Main     Column 7E18 by Richard Pavlicek    

Summer Tourney Presents Curious Deal

Last weekend was memorable for the area’s bridge enthusiasts, as the Summer Sectional Tournament was held at the Palm-Aire Spa Hotel. The three-day affair sparked quite a turnout considering the off-season time of year. Many interesting deals were played, and here is one from the Open Pair event that caught my fancy:

4 H S 7 6 3
H A Q 2
D K Q 8 6
C A K 5
Both Vul

West
3 S
All Pass


North
Dbl


East
Pass


South
4 H
S K Q J 9 8 5 4
H 9 7 6 4
D
C 10 3
Table S A 2
H J 8
D 9 7 3 2
C Q J 9 7 4
Lead: S K S 10
H K 10 5 3
D A J 10 5 4
C 8 6 2

After North’s double of three spades, South rightly chose to bid his four-card heart suit, although on this occasion a diamond contract would have proved superior (six diamonds can always be made with careful play).

West’s lead of the spade king was overtaken by East’s ace (a good defensive play) and the suit was returned, South ruffing. The heart ace and king were cashed, and the sight of East’s jack convinced declarer that trumps were not going to break 3-3. With a high trump still left in each hand, declarer shifted his attention to diamonds, but West cleverly refused to ruff any of the first three rounds (discarding two clubs and one spade). Finally, on the fourth round of diamonds West ruffed and returned a trump. Declarer was stranded in dummy and had to lose two more tricks — down one.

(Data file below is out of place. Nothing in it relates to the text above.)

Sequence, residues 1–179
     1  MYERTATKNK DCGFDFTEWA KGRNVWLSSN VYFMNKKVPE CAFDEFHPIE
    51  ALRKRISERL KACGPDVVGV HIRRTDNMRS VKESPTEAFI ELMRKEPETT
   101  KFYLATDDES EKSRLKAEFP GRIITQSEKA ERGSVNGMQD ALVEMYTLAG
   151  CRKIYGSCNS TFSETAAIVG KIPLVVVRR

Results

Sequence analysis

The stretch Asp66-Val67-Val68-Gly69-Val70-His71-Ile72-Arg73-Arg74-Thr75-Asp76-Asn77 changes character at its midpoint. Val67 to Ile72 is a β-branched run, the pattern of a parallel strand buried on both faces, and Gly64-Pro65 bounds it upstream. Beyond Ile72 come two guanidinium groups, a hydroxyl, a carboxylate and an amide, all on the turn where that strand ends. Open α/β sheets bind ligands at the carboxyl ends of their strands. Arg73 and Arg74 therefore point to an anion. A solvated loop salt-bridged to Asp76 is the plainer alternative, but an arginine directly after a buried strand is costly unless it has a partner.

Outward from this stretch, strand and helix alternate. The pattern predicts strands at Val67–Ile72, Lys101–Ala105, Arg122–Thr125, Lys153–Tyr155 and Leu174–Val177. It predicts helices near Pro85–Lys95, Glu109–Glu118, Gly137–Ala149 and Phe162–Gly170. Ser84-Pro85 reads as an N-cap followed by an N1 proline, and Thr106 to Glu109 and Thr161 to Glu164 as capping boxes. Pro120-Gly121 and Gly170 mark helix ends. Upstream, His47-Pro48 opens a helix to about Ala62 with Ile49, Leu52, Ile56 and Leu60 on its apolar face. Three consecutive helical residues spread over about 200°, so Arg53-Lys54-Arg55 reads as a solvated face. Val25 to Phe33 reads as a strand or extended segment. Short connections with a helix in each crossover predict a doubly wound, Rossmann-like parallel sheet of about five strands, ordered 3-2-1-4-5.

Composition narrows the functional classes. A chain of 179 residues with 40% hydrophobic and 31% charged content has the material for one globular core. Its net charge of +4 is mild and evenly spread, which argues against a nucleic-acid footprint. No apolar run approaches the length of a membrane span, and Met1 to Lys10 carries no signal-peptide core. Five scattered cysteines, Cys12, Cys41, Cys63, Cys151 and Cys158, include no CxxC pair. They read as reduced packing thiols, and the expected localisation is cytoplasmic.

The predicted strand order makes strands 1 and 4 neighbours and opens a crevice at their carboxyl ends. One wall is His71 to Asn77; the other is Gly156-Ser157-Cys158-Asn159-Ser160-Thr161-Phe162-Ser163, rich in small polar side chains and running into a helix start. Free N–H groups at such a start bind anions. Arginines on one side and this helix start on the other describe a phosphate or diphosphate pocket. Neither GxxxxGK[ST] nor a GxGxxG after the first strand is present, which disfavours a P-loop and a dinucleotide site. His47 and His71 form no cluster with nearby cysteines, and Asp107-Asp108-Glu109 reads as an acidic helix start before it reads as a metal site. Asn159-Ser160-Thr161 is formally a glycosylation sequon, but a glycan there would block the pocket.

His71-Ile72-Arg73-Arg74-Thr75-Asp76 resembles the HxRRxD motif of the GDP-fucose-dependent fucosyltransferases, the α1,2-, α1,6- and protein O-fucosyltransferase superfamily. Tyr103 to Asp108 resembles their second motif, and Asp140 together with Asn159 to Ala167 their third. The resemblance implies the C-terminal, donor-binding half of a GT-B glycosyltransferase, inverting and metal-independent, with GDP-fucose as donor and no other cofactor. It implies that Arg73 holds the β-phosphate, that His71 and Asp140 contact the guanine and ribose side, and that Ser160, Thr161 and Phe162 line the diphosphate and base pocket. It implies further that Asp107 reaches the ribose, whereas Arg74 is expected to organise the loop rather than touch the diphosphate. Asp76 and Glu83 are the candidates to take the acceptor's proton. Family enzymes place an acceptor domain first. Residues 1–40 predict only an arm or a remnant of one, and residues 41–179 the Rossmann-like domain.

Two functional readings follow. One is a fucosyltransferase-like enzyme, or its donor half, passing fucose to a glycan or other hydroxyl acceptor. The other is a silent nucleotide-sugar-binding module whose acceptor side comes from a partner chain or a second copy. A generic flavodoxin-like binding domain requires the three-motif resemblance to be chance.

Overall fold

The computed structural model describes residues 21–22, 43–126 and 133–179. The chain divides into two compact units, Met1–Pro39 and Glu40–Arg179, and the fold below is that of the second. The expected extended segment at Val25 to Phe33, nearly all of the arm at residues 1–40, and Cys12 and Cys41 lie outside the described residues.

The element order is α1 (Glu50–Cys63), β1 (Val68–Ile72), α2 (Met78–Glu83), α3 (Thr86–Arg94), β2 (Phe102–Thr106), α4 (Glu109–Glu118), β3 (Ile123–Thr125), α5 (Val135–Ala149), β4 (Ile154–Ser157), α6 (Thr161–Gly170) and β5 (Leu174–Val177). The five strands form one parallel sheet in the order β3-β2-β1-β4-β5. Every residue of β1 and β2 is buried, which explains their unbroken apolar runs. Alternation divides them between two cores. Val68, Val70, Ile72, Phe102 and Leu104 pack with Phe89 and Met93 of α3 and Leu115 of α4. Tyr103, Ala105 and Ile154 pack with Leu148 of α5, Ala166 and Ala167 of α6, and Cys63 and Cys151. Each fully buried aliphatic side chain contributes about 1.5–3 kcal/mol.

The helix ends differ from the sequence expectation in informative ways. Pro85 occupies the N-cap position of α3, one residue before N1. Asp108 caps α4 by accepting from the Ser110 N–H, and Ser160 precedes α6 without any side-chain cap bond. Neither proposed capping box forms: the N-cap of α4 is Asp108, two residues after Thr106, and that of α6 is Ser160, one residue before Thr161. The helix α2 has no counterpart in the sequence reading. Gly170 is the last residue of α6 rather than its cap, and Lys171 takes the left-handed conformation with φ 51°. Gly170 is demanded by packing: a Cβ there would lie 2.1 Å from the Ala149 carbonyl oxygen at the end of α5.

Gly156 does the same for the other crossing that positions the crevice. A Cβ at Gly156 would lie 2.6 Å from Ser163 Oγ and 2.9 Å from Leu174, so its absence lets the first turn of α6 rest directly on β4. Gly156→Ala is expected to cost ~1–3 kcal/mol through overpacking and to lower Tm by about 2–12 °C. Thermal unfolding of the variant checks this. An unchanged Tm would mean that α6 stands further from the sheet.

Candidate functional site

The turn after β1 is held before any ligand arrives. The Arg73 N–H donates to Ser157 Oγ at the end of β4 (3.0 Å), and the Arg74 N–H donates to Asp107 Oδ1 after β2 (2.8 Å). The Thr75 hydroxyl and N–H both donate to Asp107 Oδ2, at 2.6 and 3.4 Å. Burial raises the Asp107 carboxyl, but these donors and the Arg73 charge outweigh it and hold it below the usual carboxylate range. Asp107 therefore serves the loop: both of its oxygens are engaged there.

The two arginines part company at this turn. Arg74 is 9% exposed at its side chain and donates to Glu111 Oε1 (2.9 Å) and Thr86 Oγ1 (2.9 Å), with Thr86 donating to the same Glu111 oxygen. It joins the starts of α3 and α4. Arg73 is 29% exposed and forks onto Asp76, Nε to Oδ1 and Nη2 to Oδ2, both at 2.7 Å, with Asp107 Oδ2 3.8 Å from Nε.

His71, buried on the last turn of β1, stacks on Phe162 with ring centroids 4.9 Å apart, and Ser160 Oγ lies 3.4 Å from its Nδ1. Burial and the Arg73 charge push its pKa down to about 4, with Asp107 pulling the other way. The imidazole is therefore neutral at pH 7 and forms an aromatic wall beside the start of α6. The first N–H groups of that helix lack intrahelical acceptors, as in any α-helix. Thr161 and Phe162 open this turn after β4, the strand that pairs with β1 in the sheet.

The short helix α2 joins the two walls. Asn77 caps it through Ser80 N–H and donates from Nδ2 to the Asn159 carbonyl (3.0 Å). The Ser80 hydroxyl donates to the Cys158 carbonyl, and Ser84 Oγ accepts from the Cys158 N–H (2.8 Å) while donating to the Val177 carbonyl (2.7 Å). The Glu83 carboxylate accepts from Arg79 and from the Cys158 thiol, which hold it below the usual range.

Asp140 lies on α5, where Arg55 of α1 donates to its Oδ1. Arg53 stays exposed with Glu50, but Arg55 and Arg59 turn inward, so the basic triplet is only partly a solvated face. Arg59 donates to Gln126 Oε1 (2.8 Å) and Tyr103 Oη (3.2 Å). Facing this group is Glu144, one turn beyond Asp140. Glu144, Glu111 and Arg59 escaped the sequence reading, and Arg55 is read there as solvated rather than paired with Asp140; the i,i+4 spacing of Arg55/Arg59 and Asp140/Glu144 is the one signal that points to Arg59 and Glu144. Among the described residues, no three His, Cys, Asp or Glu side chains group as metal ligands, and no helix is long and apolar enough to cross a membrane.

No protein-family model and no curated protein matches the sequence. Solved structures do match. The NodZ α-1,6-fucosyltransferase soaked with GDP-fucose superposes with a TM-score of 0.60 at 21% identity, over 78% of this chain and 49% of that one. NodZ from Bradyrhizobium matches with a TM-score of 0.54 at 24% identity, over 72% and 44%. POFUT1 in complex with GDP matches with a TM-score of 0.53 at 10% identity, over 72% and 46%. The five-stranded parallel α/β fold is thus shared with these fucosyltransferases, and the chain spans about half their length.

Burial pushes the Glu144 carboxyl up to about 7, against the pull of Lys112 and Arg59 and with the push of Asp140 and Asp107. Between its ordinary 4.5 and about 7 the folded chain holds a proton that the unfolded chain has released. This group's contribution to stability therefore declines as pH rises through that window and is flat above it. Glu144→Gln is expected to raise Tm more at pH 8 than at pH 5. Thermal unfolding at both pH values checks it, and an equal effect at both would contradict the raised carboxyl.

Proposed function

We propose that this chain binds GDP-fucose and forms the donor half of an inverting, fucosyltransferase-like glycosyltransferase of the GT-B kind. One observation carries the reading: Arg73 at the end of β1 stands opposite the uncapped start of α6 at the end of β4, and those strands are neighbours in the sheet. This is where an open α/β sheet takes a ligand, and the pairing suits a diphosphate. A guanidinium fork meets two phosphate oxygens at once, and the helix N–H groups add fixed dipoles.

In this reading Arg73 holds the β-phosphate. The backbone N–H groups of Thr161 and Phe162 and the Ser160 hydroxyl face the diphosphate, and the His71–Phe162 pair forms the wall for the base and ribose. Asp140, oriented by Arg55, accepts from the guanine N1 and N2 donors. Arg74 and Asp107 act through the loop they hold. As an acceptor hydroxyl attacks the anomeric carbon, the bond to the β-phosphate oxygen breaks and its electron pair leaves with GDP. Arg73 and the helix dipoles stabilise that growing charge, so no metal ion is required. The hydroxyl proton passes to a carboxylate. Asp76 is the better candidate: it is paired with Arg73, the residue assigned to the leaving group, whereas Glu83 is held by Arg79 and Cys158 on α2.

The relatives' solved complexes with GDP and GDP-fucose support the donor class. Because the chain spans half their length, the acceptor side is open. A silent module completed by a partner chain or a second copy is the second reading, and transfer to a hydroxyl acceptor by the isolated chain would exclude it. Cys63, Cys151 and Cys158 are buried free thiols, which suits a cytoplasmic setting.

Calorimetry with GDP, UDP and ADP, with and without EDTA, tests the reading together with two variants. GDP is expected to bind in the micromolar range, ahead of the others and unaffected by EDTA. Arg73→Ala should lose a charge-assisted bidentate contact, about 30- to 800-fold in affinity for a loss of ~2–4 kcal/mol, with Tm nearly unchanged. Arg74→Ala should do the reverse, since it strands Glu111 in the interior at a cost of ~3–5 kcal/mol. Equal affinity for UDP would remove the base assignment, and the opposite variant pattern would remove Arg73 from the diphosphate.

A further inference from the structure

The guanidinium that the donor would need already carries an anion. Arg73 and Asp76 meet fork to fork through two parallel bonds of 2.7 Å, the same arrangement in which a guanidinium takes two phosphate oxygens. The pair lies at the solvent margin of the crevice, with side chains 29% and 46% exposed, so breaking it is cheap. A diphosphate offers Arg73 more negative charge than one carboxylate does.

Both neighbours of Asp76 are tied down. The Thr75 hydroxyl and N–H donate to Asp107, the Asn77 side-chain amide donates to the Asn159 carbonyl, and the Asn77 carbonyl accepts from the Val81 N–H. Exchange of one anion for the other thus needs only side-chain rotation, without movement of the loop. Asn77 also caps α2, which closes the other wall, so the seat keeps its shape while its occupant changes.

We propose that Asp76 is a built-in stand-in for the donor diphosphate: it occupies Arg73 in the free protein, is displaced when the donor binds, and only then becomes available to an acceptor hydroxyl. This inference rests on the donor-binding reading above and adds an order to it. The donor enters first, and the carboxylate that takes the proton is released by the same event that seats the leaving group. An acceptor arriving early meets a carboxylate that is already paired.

Despite West’s cunning defense, declarer should have found the winning play. When West declines to ruff, declarer must broaden his attack to bring the club suit into the picture. After winning two diamonds (ending in hand), declarer leads a club to dummy, a diamond back to hand, and a second club to dummy. On each of these tricks West cannot gain by ruffing; don’t take my word for it — try it and see. Notice the key plays of leading toward dummy’s club honors, and not blocking the diamond suit (South must be able to win the fourth round, else West could ruff the third diamond and return a trump). After this parry-and-thrust technique, declarer finds that he has already won eight tricks; then it is a simple matter to ruff dummy’s last spade in hand for nine, leaving dummy with a high trump for ten — making four hearts.

This deal is an excellent study in the power of trumps and contains other interesting play variations. For example: What if declarer refuses to ruff the second spade, discarding a club instead? West continues spades, and East should make the good play of ruffing with his heart jack. Declarer must overruff with the king (else East gives West a diamond ruff) and from this point on the defenders can prevail — but not without a few skirmishes along the way.

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© 8-30-1981 Richard Pavlicek